For every Luke Skywalker there is an Obi-Wan Kenobi (or Yoda) and for every Justin Bieber there is an Usher. These pairs each shared a mentor-mentee relationship. Without this special bond, neither party would have achieved the accomplishments (I use the term accomplishments loosely for our latter mentee subject) they are so well known for today. This imperative life relationship translates into the workplace as well.
The reported benefits of a mentor-mentee relationship are quite impressive. According Triple Creek Mentoring some of these benefits include:
- Productivity increases by 88% for managers when mentored
- 35% of employees who do not receive regular mentoring look for another job within 12 months
- 95% of mentoring participants say the mentoring experience motivates them to do their very best
- Workers with mentors earn $5K-$22K more annually than those who do not
However, the road to achieving these results can be accomplished by going down so many different paths. The question then arises, “What path would produce the smoothest journey?” From my experience, I have had both the formal mentoring experience and the “organic” subtle mentoring experience during my professional career. And I have to say I haven taken away more from my organic mentoring experience versus the formal mentoring experience.
With the organic experience I didn’t recognize myself in a mentoring-mentee relationship until someone asked me if I even had a mentor. At the time I was working at the U.S. Postal Service and found myself developing a bond with one of my supervisors without even realizing it. Whenever I needed to seek advice on a professional matter or wanted to know how to navigate the tricky waters of government employment, I instantly went to her without hesitation. I always felt like a sponge soaking up all that I could in order to better myself as an employee; it was very refreshing.
No one forced me to develop this relationship; it developed overtime and naturally. I also think a genuine trust develops when a mentor-mentee relationship isn’t held to a contract or documented down to the minute. To this day this individual is top of mind when I need to seek advice or want to learn about how I can further develop myself as a business professional.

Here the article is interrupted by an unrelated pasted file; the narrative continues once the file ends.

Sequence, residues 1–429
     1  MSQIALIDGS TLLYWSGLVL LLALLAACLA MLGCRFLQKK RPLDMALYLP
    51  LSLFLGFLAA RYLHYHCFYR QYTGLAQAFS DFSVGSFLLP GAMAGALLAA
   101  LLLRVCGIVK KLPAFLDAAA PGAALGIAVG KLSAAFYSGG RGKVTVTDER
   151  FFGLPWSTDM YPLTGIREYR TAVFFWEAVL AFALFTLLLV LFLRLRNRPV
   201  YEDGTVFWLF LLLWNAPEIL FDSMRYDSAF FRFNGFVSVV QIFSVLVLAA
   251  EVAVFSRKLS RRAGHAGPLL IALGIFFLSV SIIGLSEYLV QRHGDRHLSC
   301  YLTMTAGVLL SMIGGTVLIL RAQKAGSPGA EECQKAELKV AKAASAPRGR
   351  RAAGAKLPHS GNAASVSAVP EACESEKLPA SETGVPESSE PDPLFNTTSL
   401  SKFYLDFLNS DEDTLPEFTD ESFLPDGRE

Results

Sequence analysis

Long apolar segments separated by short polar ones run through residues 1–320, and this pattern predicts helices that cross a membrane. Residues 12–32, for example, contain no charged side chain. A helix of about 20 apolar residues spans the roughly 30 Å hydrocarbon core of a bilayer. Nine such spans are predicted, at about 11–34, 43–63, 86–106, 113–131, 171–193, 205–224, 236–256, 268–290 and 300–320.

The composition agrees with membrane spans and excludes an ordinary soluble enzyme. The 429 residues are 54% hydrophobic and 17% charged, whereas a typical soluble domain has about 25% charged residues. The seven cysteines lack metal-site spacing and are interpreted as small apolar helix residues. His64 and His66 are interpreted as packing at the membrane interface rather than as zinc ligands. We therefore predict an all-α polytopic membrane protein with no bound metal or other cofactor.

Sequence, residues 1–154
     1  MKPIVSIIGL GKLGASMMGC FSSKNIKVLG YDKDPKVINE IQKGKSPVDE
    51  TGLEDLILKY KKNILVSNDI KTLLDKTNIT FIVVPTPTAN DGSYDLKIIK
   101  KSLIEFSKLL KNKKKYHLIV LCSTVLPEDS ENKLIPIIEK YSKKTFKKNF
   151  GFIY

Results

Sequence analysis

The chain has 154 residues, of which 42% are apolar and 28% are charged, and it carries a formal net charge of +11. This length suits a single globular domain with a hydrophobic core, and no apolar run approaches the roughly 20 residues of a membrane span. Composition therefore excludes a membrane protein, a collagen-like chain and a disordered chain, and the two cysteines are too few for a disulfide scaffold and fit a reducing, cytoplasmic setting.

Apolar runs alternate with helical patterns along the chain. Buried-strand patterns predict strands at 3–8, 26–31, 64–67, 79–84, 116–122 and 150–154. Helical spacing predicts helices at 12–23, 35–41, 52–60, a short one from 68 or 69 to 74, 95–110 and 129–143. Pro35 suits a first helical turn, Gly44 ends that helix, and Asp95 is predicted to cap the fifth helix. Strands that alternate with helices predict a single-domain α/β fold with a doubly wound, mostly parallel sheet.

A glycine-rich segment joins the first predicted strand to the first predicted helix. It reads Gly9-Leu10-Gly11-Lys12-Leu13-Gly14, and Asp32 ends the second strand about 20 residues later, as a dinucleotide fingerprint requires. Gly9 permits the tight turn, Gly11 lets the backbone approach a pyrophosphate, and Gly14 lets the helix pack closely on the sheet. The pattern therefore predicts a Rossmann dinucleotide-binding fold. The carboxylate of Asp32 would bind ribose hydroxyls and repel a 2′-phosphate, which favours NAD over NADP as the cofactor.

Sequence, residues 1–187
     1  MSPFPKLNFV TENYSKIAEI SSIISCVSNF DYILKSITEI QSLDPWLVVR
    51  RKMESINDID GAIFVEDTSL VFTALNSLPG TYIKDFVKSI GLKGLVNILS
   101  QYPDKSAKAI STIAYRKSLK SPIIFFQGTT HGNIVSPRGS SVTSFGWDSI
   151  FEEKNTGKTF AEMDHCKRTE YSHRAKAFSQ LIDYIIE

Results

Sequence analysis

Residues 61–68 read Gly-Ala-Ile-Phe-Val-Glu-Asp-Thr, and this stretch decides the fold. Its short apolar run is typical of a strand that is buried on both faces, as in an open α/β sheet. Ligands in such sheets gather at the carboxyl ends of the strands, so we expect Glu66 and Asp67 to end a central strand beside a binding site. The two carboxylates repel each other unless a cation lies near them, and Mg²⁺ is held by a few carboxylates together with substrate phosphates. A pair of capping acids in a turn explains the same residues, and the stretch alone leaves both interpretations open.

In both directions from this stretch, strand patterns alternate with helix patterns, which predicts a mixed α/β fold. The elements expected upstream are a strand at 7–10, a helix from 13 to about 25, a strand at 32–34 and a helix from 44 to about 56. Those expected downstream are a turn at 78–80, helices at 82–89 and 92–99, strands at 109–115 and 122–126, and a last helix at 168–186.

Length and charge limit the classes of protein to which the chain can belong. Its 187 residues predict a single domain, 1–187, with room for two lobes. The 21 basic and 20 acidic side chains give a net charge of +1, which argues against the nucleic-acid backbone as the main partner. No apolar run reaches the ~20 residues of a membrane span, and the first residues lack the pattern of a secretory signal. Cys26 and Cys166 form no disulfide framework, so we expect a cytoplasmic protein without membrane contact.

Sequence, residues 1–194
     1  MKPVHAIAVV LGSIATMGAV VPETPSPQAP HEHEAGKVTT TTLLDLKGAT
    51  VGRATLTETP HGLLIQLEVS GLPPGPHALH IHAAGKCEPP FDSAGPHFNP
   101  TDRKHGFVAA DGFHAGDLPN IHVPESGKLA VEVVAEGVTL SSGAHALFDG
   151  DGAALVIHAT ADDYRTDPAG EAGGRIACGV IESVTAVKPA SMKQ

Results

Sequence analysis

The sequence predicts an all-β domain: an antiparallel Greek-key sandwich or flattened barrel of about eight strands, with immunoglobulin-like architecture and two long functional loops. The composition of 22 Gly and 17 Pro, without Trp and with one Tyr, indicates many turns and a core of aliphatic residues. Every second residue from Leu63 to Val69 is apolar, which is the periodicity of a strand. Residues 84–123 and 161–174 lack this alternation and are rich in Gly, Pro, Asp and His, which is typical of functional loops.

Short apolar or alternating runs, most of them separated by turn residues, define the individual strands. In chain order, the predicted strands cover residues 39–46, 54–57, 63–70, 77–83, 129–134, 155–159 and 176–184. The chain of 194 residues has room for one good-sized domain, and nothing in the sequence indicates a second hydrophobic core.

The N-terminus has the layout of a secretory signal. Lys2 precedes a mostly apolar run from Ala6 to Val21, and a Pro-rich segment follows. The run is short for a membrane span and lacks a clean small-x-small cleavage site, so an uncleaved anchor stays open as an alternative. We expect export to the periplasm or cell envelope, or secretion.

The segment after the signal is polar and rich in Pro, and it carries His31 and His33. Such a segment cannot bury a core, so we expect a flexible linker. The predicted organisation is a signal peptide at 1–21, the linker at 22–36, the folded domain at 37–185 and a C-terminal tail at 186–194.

My experience with a formal mentoring experience has also reaped various benefits by developing a sense of accountability and a defined trajectory into what I would like to take away from the experience. I also am able to possess a chronicle of my experience that I can refer back to at other times to see what I’ve gained and acquired by being active in this process.
However, if your learning style appears to be more conducive to the organic mentoring experience, there are several ways to help implement this type of environment. According to Anne Day, Founder of Company of Women, a business community organization, some of these methods include:
- Develop a “bank” of mentors. Those wanting to advance within the organization can access this bank as and when they need it.
- Bring junior and senior staff together by hearing one of the “trained” mentors talk about a topic within their realm of experience. Potential mentees can get a sense of what kind of mentor that individual would be like.
- Perhaps lower the expectations of mentoring. Position it as “befriending” rather than formal mentoring. This would perhaps lessen the pressure for parties seeking a mentoring relationship to produce proven results.
Another fun way to look at the organic mentoring relationship is by thinking you’re sitting under a tree gaining knowledge like Sir Issac Newton. The apple bops you on the head and you realize, “Hey, I’ve been mentored!” My dad used the example of asking his brigade to sit under the palm tree while he was stationed in Hawaii. Maybe if you’re in Arizona, it could be sitting under a cactus? The fun metaphors are endless.
I think the main takeaway is to look at mentoring as acquiring knowledge through an insightful conduit. How you obtain that mentoring knowledge is something that should be soothing to one’s learning style and personality. Leave a comment below to describe your mentoring style preferences.